Awful Wedded Life: A variation with Léodagan and Séli, in that they're just as horrible to each other as they are to others, and they often agree on certain subjects, like getting their children high positions in Arthur's court.
Badass Boast: Méléagant (essentially Chaos made human) has a nice one in the beginning of Livre V.
Méléagant: Me, when I have nothing to do here anymore, I retire... Not one drop of water, not one ray of sunshine. I dry up from head to toe into a small corpse under a heap of leaves... Seasons come and go and ignore me... And then, one day, the raven says it's heard in the distance someone who begins to cry again. "Guenièvre! Guenièvre!" So I open one eye, I crawl, eating snow, licking stagnant water... And my enemies shudder, for when they see me drink, they know I have come back.
Bear Trap: Séli once tries to stop Karadoc's nightly raids on the kitchen with some of these. It doesn't work. Karadoc even adds a few so that no-one would bother him while he's stuffing himself in his room.
Beat: Quite possibly the most used gag on the show, usually with Arthur unable to respond to whatever absymally stupid comment was just made except by staring and sighing.
As with the original Arthurian legends, this is how Arthur was conceived, Pendragon using Merlin's Polymorphic Potion to take the appearance of Gorlay since he lusted after his wife, Ygerne. Arthur is dubious about the story, however, since to his knowledge Merlin is hardly able to cook anything, least a Polymorphic Potion.
Lancelot is shown asking Merlin for one, but backs down when asked who he wants to be.
Don't get in-between Karadoc and food (or try to sell him bad food).
The weaponmaster is extremely touchy about his father's one-leggedness.
Gods help you if Bohort calls you a nonbeliever...
Letting Guenièvre realize there isn't marzipan anymore, after she ate it all, is NOT a good idea.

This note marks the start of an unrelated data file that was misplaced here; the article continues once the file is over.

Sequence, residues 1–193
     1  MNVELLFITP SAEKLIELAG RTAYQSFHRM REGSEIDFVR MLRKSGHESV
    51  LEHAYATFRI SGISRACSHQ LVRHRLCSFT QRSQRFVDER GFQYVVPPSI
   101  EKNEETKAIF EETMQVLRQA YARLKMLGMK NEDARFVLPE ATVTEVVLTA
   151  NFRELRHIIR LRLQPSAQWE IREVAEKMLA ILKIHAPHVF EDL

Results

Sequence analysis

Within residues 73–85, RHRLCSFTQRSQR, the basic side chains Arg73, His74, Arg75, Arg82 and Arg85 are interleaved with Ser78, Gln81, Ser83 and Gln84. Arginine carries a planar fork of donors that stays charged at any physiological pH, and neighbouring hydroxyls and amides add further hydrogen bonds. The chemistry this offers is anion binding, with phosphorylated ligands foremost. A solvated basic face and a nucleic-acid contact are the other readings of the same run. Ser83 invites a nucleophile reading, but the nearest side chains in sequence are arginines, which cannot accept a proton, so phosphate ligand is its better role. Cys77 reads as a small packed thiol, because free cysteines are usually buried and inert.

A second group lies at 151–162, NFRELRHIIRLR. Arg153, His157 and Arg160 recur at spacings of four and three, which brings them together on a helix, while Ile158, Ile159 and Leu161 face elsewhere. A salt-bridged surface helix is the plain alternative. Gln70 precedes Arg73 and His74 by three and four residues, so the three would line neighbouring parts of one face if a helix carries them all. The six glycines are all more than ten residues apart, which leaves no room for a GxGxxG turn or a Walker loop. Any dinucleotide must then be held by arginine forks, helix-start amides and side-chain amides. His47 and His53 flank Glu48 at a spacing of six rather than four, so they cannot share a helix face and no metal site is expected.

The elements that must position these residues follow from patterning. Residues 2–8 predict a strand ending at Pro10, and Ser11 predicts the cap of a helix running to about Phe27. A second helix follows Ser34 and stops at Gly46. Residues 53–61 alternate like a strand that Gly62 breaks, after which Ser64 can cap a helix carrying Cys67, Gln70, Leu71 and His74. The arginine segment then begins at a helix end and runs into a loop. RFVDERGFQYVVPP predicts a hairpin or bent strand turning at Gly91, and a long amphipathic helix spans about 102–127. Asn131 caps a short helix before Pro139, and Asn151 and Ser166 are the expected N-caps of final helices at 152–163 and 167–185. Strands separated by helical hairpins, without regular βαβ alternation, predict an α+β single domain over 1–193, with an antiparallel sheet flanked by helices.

The things you won't survive if you do/say them in front of Father Blaise: peeing on the Chapel's wall, being Perceval telling a story, singing/whistling/playing something that is not a fourth, a fifth or a unison.
Karadoc. Just to put it in perspective, for those who don't know the show: in an episode, Arthur asks Karadoc how many meals he eats in a day. The answer? If you count daytime meals and night snacks, Karadoc has eleven meals a day. Eleven.
Although Karadoc is the obvious one, the other characters are no slouches. An ordinary three-hour lunch can involve two different meat dishes, poultry, cheeses... The weaponmaster, who keeps himself fit on dried fruits and water, pokes fun at their eating their own weight in meat three times a day or having the same diet as a bear and then being surprised that they don't feel up to the afternoon sword training.
When chieftains have meetings at Kaamelott, two boars per person is considered a plausible average (there might be some who only eat one, so they can pass it to those who eat three).
Elias of Kelliwic'h isn't shy about the truth either, especially toward Merlin.
Lancelot in an episode, toward Arthur.
No-one has any problem with calling people morons to their faces in-universe.
Bullying a Dragon: The Witch Hunter whom, because of his religious fanaticism and his hatred toward magic, throughout the show attacks and/or tries to coerce/intimidate both Arthur and Merlin. Granted, the first is the most tolerant and liberal king in the world, and the latter is a rather Inept Mage. Yet, bullying someone in charge of a country, invested of a holy mission by the gods, or a man with freaking magic powers is still a spectacularly bad idea.
Burn the Witch!: The Witch Hunter (le Répurgateur)'s shtick. To the point that everybody he accuses of witchcraft would end up at the stake if Arthur didn't put a stop to it. In a pilot episode, he tries this on Arthur himself, naturally resulting in the Witch Hunter ending at the stake himself. (Too bad Arthur didn't follow up with actually burning him.)